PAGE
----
In non-contact annular labyrinth seals used in turbomachinery, the fluid pre-rotation in the direction of shaft rotation effectively increases the fluid velocity in the circumferential direction and could generate destabilizing fluid forces exerting on the rotor. Swirl brakes are typically employed to reduce the fluid pre-rotation at the inlet of the seal. The inlet flow separates as it follows the swirl brakes, and the ratio between the tangential component of the velocity in the seal and the velocity of the rotor surface varies consequently. Effective swirl brakes can significantly suppress the destabilizing fluid forces as it is effectively reduces the tangential velocity. In literature, it was shown that leakage rate can also be reduced by using swirl brakes with “negative-swirl”.

In this study, a labyrinth seal with inlet swirl brakes is selected as the baseline design and seal performance is evaluated using ANSYS-CFX. The design of experiments (DOE) approach is used to investigate the effects of various design variables on the seal performance. The design space consists of swirl brake’s length, width, curvature at the ends, the tilt angle, as well as the number of swirl brakes in the circumferential direction. Simple random DOE sampling method with Euclidean distances for the design matrix is used to generate the design points. The steady-state CFD simulations are then performed for each design point to analyze the performance of the swirl brakes. The quadratic polynomial fitting is used to evaluate the sensitivity of the average circumferential velocity with respect to the design variables, which gives a qualitative estimation for the performance of the swirl brakes. The results provide a better understanding of which design variables are critical and more effective in reduction of the destabilizing forces acting on the rotor, and thus will support the swirl brake design for annular pressure seals.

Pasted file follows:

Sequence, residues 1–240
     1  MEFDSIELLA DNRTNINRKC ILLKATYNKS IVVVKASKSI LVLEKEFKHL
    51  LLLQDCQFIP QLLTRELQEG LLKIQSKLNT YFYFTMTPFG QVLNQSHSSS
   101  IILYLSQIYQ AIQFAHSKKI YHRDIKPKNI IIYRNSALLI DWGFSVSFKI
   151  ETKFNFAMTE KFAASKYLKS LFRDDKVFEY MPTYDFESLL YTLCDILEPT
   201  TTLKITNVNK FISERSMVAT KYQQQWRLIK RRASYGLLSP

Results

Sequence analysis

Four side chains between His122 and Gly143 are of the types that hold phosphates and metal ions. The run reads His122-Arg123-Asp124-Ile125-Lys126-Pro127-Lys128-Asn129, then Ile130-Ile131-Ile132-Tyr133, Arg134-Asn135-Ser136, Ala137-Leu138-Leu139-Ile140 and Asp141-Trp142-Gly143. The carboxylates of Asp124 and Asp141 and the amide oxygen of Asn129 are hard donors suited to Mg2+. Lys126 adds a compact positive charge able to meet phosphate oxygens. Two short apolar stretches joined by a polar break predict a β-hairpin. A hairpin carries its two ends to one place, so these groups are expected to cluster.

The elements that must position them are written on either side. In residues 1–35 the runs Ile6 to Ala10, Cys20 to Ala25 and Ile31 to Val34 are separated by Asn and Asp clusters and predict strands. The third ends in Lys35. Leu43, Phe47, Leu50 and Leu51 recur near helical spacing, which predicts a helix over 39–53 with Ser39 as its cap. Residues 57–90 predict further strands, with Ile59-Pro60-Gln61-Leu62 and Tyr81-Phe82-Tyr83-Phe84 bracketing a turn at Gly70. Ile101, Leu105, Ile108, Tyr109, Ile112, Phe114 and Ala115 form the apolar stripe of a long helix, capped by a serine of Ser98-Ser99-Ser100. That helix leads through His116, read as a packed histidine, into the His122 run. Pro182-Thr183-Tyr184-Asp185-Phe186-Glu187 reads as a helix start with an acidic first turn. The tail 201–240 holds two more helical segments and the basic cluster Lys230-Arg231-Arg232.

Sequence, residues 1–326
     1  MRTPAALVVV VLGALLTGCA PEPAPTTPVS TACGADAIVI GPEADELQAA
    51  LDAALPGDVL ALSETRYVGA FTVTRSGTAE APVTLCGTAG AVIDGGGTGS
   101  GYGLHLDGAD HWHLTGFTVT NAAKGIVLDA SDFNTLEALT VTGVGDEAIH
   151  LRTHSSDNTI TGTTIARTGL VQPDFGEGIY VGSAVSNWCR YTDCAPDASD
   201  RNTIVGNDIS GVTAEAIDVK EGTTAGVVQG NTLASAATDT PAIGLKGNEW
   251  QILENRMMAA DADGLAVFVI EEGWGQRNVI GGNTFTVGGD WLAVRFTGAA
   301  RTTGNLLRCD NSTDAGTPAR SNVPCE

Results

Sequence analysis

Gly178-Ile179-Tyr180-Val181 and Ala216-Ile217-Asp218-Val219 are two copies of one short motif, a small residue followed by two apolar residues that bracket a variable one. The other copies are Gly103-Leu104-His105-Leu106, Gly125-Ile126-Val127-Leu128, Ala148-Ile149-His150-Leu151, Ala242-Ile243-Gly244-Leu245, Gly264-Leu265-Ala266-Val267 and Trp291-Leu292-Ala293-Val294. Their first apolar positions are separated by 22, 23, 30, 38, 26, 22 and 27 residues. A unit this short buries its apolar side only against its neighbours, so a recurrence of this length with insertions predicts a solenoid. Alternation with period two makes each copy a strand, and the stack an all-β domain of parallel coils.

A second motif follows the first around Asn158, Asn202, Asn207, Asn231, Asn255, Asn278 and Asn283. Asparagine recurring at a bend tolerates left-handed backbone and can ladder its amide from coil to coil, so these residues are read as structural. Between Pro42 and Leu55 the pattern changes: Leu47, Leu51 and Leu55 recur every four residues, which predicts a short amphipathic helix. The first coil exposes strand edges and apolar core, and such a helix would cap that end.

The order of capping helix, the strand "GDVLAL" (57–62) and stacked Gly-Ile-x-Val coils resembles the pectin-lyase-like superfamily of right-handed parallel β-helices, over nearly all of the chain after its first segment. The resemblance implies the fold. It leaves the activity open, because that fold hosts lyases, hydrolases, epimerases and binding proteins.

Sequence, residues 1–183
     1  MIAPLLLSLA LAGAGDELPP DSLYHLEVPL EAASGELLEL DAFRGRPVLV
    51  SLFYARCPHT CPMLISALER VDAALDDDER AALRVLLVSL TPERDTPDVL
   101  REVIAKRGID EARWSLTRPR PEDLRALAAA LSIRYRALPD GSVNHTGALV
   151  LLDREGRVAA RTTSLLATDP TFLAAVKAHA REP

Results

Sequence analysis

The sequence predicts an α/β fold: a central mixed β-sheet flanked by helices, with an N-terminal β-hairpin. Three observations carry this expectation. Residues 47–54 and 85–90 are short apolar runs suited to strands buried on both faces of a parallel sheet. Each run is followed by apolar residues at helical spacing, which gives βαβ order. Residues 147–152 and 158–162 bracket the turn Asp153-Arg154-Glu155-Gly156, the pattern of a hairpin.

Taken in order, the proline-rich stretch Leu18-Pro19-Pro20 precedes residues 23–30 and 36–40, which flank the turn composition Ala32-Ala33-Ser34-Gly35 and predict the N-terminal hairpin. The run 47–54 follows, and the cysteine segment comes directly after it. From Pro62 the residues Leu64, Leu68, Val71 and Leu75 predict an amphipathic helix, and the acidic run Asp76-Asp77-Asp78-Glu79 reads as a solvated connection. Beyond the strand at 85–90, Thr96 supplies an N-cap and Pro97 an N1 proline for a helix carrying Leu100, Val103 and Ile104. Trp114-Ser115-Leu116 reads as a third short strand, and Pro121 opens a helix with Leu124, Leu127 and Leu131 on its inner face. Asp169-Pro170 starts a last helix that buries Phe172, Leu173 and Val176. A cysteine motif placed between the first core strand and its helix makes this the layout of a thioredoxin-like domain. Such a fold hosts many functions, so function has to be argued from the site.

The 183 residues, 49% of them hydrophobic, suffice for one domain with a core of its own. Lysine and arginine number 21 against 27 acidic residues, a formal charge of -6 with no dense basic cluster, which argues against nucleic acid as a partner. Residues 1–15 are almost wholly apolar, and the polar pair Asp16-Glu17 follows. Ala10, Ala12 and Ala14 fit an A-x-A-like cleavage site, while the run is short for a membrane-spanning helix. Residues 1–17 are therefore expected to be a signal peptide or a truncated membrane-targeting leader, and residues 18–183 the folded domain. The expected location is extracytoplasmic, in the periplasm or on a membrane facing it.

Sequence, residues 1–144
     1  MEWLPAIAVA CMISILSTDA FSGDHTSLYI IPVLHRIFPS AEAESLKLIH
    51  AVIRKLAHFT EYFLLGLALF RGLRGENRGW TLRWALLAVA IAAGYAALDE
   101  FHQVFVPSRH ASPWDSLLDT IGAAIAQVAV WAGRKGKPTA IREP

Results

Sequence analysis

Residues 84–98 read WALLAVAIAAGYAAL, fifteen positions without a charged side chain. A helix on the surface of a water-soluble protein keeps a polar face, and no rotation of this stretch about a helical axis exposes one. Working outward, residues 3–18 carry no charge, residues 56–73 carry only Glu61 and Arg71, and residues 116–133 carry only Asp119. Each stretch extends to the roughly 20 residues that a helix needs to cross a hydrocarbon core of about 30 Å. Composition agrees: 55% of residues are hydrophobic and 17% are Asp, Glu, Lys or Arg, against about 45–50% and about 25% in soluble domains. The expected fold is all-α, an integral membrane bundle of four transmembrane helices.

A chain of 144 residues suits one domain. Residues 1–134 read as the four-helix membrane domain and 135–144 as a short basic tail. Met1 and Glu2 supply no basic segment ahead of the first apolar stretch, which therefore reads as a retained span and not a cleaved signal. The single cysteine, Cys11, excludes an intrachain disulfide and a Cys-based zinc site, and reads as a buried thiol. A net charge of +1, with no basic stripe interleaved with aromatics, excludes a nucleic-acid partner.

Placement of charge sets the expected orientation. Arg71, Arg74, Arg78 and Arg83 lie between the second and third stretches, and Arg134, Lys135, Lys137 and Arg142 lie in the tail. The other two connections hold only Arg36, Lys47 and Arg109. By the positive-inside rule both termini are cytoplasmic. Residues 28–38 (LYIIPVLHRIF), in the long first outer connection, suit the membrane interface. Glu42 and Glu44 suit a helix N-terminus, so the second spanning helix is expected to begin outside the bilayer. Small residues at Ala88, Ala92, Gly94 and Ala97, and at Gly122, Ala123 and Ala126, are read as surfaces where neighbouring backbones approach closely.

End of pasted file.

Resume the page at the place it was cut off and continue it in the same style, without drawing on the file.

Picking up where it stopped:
This content is only available via PDF.
You do not currently have access to this content.